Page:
In this episode about Organizational Talent Management
- In this episode of the Lazy CEO Podcast, host Jim Schleckser discusses the importance of talent management at both the individual and executive team levels.
- Jim explains the concept of A, B, and C players in an organization, where A players consistently overperform, B players meet expectations, and C players consistently underperform.
- The episode highlights the challenges of addressing low performers and the central tendency problem, where managers tend to overrate their team members, resulting in a skewed perception of talent distribution. Jim emphasizes the need for transparency and fair evaluation to effectively manage talent and make informed decisions regarding promotions and performance improvement plans.
Here is a glimpse of Organizational Talent Management
In this episode of the Lazy CEO Podcast, host Jim Schleckser, founder of the CEO Project, discusses organizational talent management. He starts by highlighting the importance of focusing on individual talent and how the executive team should engage with talent at a broader level. Jim explains the concept of A’s, B’s, and C’s to assess individual performance. A’s consistently overperforms, provides innovative ideas, and drives the organization forward. B performs as required and meets expectations, while C’s consistently underperforms and fails to meet the standard.
Jim acknowledges the reluctance to rate individuals as C players due to the negative energy and conflict. He emphasizes the need for accurate assessment and avoiding a central tendency problem where everyone is rated above average. He shares examples of government employee evaluations that showed 82% of employees rated as above average, highlighting the issue with inflated ratings.
The podcast delves into the consequences of the central tendency problem, particularly during challenging times or raising discussions. Identifying C players for potential exit during a recessionary environment becomes crucial. Additionally, Jim discusses the challenges of giving equal raises to all employees, which can demotivate high performers and lead them to seek opportunities elsewhere.
To address these issues, Jim introduces several tools for talent management within the executive team. The first tool is stack ranking and normalization, where individual ratings are transparently discussed and analyzed collectively. This helps identify and address any disparities in ratings and promotes fair and appropriate compensation distribution.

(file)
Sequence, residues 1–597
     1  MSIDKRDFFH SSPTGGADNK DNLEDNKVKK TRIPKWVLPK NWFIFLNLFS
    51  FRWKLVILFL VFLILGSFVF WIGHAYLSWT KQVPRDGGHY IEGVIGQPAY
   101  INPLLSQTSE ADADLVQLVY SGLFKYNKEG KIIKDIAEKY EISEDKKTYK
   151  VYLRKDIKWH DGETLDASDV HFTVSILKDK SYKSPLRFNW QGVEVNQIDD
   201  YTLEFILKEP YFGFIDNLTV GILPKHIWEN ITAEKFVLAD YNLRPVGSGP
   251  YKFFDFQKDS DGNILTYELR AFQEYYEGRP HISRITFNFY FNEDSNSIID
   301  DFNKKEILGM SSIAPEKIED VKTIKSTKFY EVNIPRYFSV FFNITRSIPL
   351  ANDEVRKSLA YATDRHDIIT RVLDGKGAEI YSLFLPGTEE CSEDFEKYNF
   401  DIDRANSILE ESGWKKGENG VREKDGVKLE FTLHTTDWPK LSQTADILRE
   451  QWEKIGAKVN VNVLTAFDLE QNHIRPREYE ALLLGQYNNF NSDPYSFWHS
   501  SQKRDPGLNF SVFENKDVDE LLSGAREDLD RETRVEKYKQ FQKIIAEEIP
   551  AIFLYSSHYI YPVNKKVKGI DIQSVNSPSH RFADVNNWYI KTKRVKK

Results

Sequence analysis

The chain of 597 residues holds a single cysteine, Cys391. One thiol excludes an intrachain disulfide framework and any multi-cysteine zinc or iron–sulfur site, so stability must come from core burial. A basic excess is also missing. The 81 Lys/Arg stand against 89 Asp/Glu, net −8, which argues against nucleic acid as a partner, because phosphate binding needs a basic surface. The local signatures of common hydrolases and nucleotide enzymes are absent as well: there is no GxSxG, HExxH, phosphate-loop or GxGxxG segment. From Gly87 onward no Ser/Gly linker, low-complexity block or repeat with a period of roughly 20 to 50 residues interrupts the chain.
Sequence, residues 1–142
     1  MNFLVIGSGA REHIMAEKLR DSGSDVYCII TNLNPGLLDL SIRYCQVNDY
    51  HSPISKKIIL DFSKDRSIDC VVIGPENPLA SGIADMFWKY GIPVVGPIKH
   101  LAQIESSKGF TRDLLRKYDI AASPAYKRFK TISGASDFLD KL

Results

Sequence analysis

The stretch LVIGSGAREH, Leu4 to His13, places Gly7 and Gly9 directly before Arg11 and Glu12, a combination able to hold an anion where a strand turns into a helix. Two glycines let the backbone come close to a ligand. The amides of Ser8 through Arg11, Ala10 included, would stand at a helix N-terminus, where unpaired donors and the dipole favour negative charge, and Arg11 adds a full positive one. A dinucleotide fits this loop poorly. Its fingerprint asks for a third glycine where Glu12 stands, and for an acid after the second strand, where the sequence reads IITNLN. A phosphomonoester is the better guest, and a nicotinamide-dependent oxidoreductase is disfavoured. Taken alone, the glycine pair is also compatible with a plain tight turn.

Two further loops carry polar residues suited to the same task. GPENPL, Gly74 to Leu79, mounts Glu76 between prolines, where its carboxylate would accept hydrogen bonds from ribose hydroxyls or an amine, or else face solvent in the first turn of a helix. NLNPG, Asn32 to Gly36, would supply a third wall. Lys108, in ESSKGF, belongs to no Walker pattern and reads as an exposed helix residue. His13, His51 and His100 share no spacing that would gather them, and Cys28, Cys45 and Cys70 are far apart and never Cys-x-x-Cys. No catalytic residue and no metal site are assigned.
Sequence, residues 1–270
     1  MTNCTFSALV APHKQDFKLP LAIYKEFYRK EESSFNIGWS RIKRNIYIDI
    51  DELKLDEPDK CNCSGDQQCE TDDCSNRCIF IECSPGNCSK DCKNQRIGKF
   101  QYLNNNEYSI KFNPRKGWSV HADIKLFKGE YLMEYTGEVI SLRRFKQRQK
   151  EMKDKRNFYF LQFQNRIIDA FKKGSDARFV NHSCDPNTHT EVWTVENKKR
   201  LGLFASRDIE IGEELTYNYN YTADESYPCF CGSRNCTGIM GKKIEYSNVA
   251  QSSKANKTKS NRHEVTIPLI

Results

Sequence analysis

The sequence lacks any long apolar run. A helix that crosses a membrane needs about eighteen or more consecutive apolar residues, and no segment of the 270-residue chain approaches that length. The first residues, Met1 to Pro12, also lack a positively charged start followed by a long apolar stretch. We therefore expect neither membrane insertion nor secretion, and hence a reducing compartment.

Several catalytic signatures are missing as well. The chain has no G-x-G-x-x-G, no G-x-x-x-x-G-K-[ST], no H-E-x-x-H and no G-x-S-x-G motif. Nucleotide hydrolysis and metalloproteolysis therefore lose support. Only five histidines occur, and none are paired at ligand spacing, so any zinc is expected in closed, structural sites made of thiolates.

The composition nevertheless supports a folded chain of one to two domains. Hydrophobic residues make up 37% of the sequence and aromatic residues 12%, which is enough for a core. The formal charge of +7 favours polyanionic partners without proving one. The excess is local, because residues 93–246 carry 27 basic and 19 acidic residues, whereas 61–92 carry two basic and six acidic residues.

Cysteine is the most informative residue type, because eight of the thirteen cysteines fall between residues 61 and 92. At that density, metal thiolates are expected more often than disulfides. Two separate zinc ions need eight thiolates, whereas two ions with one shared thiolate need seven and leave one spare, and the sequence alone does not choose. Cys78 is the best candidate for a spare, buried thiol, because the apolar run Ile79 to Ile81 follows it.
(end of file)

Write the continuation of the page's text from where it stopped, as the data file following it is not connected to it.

The podcast also introduces an annual evaluation one-pager focusing on leadership competencies and the “Five E’s” (Energy, Execution, Excitement, and Edge). This one-pager allows for a comprehensive assessment of individual strengths and weaknesses and helps determine the development plan for each employee.
Succession planning is another crucial aspect discussed in the podcast. Jim suggests creating an org chart indicating individuals’ current positions and rating their promotability and readiness to move up in the organization. This exercise helps identify potential successors and highlights the need to develop talent at all levels.
Jim emphasizes that talent is owned by the organization and not individual managers, discouraging shielding behaviors that hinder talent development. He encourages executive teams to engage in open discussions and assessments to ensure organizational capacity building and avoid stagnation.
This episode of the Lazy CEO Podcast provides practical insights and tools for executive teams to effectively manage and develop talent within their organizations, fostering growth and success.
Resources mentioned in this episode:
- Jim Schleckser on LinkedIn
- The CEO Project
- Great Ceos Are Lazy: How Exceptional Ceos Do More in Less Time by Jim Schleckser
Sponsor for this episode…
This episode is brought to you by The CEO Project. The CEO Project is a business advisory group that brings high-caliber, accomplished CEOs together. Our team of skilled advisors comprises current and former CEOs who have run public and private sector companies across multiple industries. With our experience and expertise, we guide hundreds of high-performing CEOs through a disciplined approach that resolves constraints and improves critical decisions. The CEO Project has helped high-performing, large enterprise CEOs with annual revenues ranging from $20M to over $2 billion to drive growth and achieve optimal outcomes. If you are an experienced CEO looking to grow your company, visit www.theCEOProject.com.